/ 9 May 2014

Discrepancies on audited election results anger opposition parties

A scanned slip from one voting station differed wildly with what was recorded by the IEC and signed off by auditors.

A number of discrepancies have emerged on counted votes from various voting stations, the Mail & Guardian has learnt.

  • Read the follow-up to this article here

A scanned slip from one voting station differed vastly with what was recorded by the Independent Electoral Commission (IEC) and signed off by auditors. 

Some result slips have not been signed by the counting officer at the voting station, and in other cases there is a large discrepancy between the national and provincial vote for a party, beyond the norm. 

Many of the incidents seem to be in Gauteng, which is the last province to be counted, as the metros have come in last. 

The Economic Freedom Fighters (EFF) have called the delay in Gauteng’s counting suspicious, particularly as it happened in the early hours of Friday morning when the ANC’s support had dipped to below 50%, according to the EFF. 

An independent observer of the elections, Mike Atkins, pointed out one ward where the numbers on the IEC system for the national election at the ward, which has been signed off by auditors, differs enormously with the scanned slip.

Scanned results
At Hoërskool Montana in Pretoria the scanned results slip, which was signed off by a counting officer but not by any party agents, showed votes as followed for certain parties:

  • African Christian Democratic Party: 3 277
  • Freedom Front Plus: 910 
  • African Independent Congress: 382 
  • African National Congress: 28 
  • Democratic Alliance: 7

The results for the parties however appear on the IEC’s results report, available to journalists, parties and observers at the IEC’s national results centre in Pretoria as follows: 

  • African Christian Democratic Party: 70 
  • Freedom Front Plus: 382 
  • African Independent Congress: 2 
  • African National Congress: 910 
  • Democratic Alliance: 3 277

In addition the first 16 parties on the results slip were recorded to have received varying numbers of votes, while the 13 below all received zero votes, including the Inkatha Freedom Party, National Freedom Party and United Democratic Movement. 

The scanned slips from each voting station is a record of the tally of votes per party, and are sent to the local counting centre to be collated and counted. Discrepancies, such as this one, should be picked up by auditors. 

“If this is the case with this voting station, how many others are there?” asked Atkins. 

The issue of big discrepancies between provincial and national ballots also cropped up. At Hoërskool Montana , seven votes were cast for the Democratic Alliance(DA) on the national ballot and 3 368 on the provincial ballot. 

In Actonville, Benoni, east of Johannesburg, the DA received 270 votes nationally and 2 651 provincially.

Atkins pointed out that while some people split their votes for smaller parties such as the African Christian Democratic Party (ACDP) and Minority Front (MF) provincially and voted for larger parties nationally, the large difference between provincial and national ballots in these two incidents were not the norm.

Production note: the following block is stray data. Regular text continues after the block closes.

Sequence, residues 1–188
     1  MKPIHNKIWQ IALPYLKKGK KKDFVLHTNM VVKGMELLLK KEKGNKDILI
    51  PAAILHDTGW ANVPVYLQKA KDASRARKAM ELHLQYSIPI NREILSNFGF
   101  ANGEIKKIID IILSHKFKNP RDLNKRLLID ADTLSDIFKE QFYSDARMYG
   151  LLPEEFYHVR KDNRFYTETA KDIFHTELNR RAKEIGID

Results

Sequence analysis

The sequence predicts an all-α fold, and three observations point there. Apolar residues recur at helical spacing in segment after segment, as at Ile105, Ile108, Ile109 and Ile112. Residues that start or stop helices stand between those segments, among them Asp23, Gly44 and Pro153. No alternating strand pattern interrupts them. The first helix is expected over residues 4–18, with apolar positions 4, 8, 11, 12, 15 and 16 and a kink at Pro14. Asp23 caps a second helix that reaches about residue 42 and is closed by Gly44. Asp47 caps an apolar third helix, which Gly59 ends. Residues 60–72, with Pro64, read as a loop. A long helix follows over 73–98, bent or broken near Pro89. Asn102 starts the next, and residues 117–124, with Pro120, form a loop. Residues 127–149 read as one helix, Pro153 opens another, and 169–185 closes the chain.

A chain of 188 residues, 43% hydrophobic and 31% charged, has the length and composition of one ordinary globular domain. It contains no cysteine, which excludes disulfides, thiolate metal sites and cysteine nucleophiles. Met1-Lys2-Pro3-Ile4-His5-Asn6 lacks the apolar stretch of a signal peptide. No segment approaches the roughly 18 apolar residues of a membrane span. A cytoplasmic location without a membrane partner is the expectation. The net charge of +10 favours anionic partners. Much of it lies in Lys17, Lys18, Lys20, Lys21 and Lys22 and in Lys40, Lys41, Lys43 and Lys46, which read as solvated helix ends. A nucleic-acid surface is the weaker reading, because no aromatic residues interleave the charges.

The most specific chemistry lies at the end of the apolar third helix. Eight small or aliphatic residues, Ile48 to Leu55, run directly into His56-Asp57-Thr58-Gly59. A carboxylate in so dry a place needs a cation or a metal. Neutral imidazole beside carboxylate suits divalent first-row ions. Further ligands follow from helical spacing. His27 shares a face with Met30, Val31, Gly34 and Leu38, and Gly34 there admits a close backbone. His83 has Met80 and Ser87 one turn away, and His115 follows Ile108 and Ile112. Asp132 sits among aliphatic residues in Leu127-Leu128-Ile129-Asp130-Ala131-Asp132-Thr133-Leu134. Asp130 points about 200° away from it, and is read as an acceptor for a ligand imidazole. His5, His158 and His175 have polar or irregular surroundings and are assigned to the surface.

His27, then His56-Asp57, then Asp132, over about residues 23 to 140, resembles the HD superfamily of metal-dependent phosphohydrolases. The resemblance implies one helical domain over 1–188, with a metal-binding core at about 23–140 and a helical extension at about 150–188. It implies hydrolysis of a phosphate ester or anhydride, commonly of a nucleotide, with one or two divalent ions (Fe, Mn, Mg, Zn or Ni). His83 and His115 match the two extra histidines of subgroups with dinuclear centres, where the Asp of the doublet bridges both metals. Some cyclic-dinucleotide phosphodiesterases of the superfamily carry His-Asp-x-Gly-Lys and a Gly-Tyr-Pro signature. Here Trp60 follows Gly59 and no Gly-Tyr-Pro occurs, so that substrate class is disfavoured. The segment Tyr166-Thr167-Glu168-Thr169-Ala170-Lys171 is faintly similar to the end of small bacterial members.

There were also a few incidents where far more votes were cast provincially than nationally at the same station. 

In a ward in Richwood, in the Western Cape, 3 741 ballots were received for the province and 1 677 received nationally. Only 13 votes were recorded as spoilt for the national vote, meaning more than 2 000 people at the station chose not to fill in a national ballot, which is an unlikely scenario according to Atkins. 

The ACDP and the EFF found another issue at Khayelihle Primary School in Vosloorus, Ekurhuleni. The scanned slip was signed by neither the counting officer nor party agents, even though the EFF had agents at the venue according to both parties.

The EFF along with ACDP have both put in an objection about the matter, calling for a recount of the station – and the province. 

EFF national elections co-ordinator Gardee Godrich has filed the EFF’s objection about the matter, which the M&G has seen, stating that the presiding officer at the station told EFF party agents they could not sign off on results as “he did not have result slips” at the time.

The ACDP said the irregularities at the ward in Vosloorus was particularly concerning as the area is a stronghold for the ACDP. It is where their leader Kenneth Meshoe lives and leads the Hope of Glory Church. 

The party received 46 votes on the national ballot and zero for the provincial ballot. Brendon Govender, the ACDP’s elections IT manager and Tshwane regional chair, said the difference between the numbers was odd and getting zero votes in the ward stranger still. “The EFF party agents at the station said we got 52 votes on the provincial ballot and 46 on the national ballot.”

According to the Electoral Act, objections must be made to the commission “no later than 21:00 on the second day after the voting day”. However the ACDP pointed out that the deadline for objections was at 9pm on Friday – while the results from big metros were still coming in. 

“The trend from the last election was that the metro results came in first,” said Govender. “How can they have a deadline of 9pm and hold back metros?” he asked. Other parties told the M&G it takes time to go through the voting station results as they are counted, to spot any irregularities.  

The IEC’s Lydia Young told the M&G late on Friday night that the commission had received the objection about the matter in Vosloorus, and would be looking into it. 

It was not able to comment on other allegations immediately.